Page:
‘Quarantine shaming’: US navigates radical new social norms
The chairman of Arizona’s Asian Chamber of Commerce didn’t see much downside to attending a small dinner at a local restaurant to bolster the business and bring together other leaders to discuss how to help Asian-American eateries devastated by the coronavirus.
That was, at least, until he posted about it on Instagram. The feedback was swift from people who were appalled that Ryan Winkle would promote a gathering — even a small one — as COVID-19 raged and entire cities were urged to self-isolate.
“I started getting some messages saying, ‘Hey, why are you trying to spread the virus?’ I was like, ’It’s a small event, and everyone had washed their hands, and they had sanitizer on the tables,’” Winkle said of the dinner held Saturday in Mesa, Arizona. “My thinking is always about the economics. Imagine when all these businesses shut down. That’s a whole different problem.”
“Quarantine shaming” — calling out those not abiding by social distancing rules — is part of a new and startling reality for Americans who must navigate a world of rapidly evolving social norms in the age of COVID-19. As schools close and shelter-in-place orders sweep across the U.S., the divide between those who are stringently practicing self-isolation and those who are still trying to go about some semblance of a normal life has never been more clear. Complicating matters: What was socially acceptable even 48 hours ago may now be taboo, as government officials race to contain the virus with ever-expanding circles of social isolation.
“The time matrix seems to be shifting. I’ve never known several days to go by so slowly and watching the collective conscience move more and more in one direction day by day,” said Paula Flakser, who lost her bartending job when California’s Mammoth Mountain ski resort closed this week.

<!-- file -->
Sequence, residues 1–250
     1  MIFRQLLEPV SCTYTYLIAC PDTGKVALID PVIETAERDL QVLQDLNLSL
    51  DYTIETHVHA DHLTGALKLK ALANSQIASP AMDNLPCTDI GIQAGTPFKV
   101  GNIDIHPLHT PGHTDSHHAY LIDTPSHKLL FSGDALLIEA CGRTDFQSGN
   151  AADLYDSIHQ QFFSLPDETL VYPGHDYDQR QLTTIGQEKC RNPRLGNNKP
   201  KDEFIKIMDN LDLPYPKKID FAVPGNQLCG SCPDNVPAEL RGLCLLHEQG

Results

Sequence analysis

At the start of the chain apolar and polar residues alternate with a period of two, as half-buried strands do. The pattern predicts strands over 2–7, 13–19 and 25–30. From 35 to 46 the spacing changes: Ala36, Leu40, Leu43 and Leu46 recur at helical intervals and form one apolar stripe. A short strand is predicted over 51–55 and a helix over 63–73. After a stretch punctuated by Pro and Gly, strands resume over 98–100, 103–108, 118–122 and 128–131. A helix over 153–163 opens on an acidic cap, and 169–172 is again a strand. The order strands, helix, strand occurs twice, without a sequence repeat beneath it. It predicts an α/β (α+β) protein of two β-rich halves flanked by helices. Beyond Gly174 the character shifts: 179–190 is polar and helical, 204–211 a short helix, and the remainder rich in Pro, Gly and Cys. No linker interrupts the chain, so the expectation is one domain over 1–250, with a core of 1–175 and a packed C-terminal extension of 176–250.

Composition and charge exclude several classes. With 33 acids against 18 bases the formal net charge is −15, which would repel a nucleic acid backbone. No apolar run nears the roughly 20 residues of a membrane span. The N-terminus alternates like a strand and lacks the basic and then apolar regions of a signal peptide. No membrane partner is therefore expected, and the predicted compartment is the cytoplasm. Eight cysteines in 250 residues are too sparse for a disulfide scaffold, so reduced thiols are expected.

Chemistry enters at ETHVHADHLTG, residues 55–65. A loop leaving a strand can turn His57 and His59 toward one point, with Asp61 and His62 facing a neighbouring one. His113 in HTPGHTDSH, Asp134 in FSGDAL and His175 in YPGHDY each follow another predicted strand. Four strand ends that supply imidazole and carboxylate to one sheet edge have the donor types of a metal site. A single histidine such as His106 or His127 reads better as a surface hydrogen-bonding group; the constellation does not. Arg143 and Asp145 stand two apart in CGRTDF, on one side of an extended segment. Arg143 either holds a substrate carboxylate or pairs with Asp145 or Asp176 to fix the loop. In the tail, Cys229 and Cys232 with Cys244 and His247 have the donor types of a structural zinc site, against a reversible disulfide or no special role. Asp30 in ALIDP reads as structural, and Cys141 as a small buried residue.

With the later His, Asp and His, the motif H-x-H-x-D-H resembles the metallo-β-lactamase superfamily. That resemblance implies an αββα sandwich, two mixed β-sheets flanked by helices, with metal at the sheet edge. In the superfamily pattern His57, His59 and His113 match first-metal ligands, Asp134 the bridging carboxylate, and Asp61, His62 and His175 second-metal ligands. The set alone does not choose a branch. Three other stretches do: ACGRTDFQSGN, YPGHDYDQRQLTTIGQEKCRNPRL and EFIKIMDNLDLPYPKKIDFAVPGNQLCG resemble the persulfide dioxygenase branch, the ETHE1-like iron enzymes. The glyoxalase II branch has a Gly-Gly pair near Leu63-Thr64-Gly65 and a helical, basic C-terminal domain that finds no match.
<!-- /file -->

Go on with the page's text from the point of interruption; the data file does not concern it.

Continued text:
For those who must go to work, the divide is widening too.
Steve Diehl, who is considered an essential employee at his job at a warehouse near Chicago, wears a mask to work because a family member has a compromised immune system. He’s terrified of catching the new coronavirus or transmitting it to his loved one at home.
Diehl posted a sign at the warehouse entrance asking people to put on masks that were provided “to protect immuno-compromised family,” but several co-workers didn’t wear them, he said. One of them coughed into his hand while standing by Diehl’s desk — and then began to touch things on his desk with the same hand.
“That angered me greatly,” said Diehl, who posted a photo of himself in a mask on Twitter. “And when I made a comment about it, they shrugged it off.”
Others who are trying to juggle working from home while caring for kids who are also home are making smaller and more mundane choices that nevertheless bring shocked responses — or even rebukes — from co-workers, friends and even family. Is it OK to run out for a coffee? Can you allow your children to go the playground? What about sending kids to day care centers, which remain the only lifeline in many states that have closed schools?
Flakser, the woman who lost her bartending job, said she was upset by the hundreds of people who flocked to her tiny hometown of Bishop, California, from Los Angeles and other large cities to vacation the minute schools shut down. The 42-year-old climber posted angry messages about the crowds on Facebook and was quoted in an online climbing magazine, Thundercling.